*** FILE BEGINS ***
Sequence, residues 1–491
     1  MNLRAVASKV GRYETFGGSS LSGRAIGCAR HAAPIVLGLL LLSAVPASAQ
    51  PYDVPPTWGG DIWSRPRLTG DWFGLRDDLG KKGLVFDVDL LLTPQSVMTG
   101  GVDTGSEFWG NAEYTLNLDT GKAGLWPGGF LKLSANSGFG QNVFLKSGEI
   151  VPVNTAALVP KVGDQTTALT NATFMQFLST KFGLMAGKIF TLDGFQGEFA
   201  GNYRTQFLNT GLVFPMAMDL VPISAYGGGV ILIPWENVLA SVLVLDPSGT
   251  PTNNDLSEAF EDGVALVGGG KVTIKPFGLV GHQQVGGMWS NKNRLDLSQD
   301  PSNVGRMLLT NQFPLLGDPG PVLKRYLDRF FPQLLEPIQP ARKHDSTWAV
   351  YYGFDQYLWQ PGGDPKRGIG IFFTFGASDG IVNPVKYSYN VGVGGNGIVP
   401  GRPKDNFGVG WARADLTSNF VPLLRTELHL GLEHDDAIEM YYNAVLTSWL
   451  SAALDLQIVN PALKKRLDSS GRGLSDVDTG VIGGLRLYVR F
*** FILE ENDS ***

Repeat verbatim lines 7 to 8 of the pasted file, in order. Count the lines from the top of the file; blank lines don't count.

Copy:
   251  PTNNDLSEAF EDGVALVGGG KVTIKPFGLV GHQQVGGMWS NKNRLDLSQD
   301  PSNVGRMLLT NQFPLLGDPG PVLKRYLDRF FPQLLEPIQP ARKHDSTWAV